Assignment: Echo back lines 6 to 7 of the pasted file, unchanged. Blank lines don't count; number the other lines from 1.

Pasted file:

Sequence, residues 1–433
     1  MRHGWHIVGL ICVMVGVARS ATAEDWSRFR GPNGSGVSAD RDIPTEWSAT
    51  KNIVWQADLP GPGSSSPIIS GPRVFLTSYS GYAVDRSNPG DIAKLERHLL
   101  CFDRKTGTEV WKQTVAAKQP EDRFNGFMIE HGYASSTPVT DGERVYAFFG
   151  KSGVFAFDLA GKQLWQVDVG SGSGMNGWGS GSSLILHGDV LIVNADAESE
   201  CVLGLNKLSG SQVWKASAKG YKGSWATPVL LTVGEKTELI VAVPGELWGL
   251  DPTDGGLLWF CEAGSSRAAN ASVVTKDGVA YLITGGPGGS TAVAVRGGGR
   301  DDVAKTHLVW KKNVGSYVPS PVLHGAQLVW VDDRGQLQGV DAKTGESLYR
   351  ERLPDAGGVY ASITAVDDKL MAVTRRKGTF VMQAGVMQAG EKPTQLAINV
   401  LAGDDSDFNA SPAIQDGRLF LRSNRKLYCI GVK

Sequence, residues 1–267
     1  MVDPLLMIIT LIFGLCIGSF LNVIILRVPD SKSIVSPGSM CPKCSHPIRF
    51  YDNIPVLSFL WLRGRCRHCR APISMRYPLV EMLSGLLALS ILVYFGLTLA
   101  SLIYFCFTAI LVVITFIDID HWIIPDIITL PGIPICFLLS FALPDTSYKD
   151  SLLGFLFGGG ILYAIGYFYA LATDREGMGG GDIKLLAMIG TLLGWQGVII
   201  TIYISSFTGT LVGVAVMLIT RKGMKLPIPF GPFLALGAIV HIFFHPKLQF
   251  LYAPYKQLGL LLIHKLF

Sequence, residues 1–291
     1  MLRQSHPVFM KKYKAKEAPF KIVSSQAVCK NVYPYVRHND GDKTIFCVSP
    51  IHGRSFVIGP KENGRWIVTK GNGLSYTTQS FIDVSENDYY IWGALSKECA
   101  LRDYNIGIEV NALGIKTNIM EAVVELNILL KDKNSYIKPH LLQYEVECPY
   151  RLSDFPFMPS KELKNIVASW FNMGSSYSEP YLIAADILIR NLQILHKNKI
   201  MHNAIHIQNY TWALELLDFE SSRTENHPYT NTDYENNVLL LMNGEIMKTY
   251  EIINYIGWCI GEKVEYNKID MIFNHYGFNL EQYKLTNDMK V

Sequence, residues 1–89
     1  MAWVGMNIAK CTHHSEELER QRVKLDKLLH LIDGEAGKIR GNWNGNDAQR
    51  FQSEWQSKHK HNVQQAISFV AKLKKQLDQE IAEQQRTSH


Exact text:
   201  CVLGLNKLSG SQVWKASAKG YKGSWATPVL LTVGEKTELI VAVPGELWGL
   251  DPTDGGLLWF CEAGSSRAAN ASVVTKDGVA YLITGGPGGS TAVAVRGGGR